Monday, April 29, 2013

New Super Mario Bros U: choosing a route

Nintendo fixed my Wii U in a very efficient manner indeed, although unfortunately the game saves weren't carried across so I'll have to restart collecting ornaments in Nintendo Land at some point.

For now, however, I've started to play through NSMBU, even though I've not yet completed the Wii game.  I'm not sure why I stopped playing NSMBW, but it seemed a bit too much hassle to actually start it up, and I think I was bizarrely put off by the fact that I found a warp from one of the towers to the start of world six.  I was finding the game pretty tough as it was, and so being catapulted through the game like that was a bit too intimidating, and I also felt like I was missing out.  I tried to travel back to world four, and then had difficulty in the tower level getting to the proper exit.

I'm sure I'll go back to it at some point.  It was jut a bit tough at times, and felt like there was too much content for me to actually get a grip on giving the limited time I get in front of the TV.

Perversely, NSMBU has more content, has a more varied and labyrinthine map, and at times is a little tougher (but generally seems a little easier), but I find that I can easily understand where I'm going and how much of the game is left to do.  Because of this I've played it a lot more; I've now defeated the boss in three worlds (Acorn Plains, Layer-Cake Desert, Sparkling Waters) and have half-completed two other levels (Soda Jungle and Frosted Glacier).  I found it a bit annoying having to choose a path after Layer-Cake Desert, but at least I knew I could go back at any time.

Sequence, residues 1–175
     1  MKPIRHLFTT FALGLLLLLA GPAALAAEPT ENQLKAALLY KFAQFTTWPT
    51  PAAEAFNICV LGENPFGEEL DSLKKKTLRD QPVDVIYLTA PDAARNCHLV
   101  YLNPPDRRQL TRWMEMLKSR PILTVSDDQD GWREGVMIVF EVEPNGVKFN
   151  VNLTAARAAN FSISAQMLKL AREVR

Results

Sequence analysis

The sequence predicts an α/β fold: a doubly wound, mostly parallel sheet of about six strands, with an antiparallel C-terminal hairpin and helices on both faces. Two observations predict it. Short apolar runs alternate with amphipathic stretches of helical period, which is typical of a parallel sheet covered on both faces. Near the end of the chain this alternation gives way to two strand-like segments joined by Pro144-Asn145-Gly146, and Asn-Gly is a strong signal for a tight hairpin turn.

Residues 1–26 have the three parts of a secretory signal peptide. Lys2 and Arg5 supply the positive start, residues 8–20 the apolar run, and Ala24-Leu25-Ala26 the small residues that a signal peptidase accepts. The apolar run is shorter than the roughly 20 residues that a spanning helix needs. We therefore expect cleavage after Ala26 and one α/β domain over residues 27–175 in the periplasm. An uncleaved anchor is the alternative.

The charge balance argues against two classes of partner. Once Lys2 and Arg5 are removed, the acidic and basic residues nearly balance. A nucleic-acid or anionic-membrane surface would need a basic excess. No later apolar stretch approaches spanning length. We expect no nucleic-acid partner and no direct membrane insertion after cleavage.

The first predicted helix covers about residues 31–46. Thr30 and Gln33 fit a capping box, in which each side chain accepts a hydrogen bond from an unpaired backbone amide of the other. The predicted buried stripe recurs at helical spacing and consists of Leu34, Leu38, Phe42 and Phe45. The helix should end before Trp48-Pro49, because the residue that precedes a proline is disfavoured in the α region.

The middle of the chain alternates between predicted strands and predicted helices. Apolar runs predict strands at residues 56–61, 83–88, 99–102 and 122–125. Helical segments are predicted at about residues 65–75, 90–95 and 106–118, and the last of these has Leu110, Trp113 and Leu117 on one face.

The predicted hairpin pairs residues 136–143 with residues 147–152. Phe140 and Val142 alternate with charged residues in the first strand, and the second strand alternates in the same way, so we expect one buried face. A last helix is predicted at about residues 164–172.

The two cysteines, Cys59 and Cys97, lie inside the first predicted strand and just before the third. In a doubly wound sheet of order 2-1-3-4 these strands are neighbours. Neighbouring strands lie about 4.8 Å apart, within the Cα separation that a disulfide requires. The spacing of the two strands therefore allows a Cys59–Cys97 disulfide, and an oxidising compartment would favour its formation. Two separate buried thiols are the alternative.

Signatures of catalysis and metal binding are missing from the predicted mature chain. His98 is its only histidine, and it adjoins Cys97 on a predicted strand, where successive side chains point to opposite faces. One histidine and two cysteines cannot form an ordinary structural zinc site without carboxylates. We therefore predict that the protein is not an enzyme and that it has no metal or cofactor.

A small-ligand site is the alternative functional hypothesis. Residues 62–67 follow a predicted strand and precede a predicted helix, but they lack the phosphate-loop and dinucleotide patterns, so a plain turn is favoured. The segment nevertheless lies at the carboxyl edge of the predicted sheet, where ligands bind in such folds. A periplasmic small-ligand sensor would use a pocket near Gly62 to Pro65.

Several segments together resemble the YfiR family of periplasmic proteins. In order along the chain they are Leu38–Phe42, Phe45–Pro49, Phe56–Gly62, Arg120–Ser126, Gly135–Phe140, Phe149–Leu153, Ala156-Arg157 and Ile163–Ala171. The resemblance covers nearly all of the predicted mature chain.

The game, as with all the NSMB games, is really well designed and playable.  Something that's new here and works well is the Miiverse integration.  You can see messages from other players before and after a level, and if you die then you also see things posted by other players who died at the same point.  It turns a single-player game into a social experience, even if half the messages are from people you've never met!

The other benefit of Miiverse, and its new webportal, is that getting screenshots is much easier than it used to be!  I just need to be a bit quicker in pressing the home button ...

Wednesday, April 24, 2013

Super Hexagon: ADD

Attention Deficit Disorder sufferers are likely to really appreciate Super Hexagon. It's a simple game where you have to steer your market around a central hexagon, avoiding the walls coming inwards. It's made more tricky by the speed, the fact that the entire playing field is rotating and skewing, and the music is pretty heavy.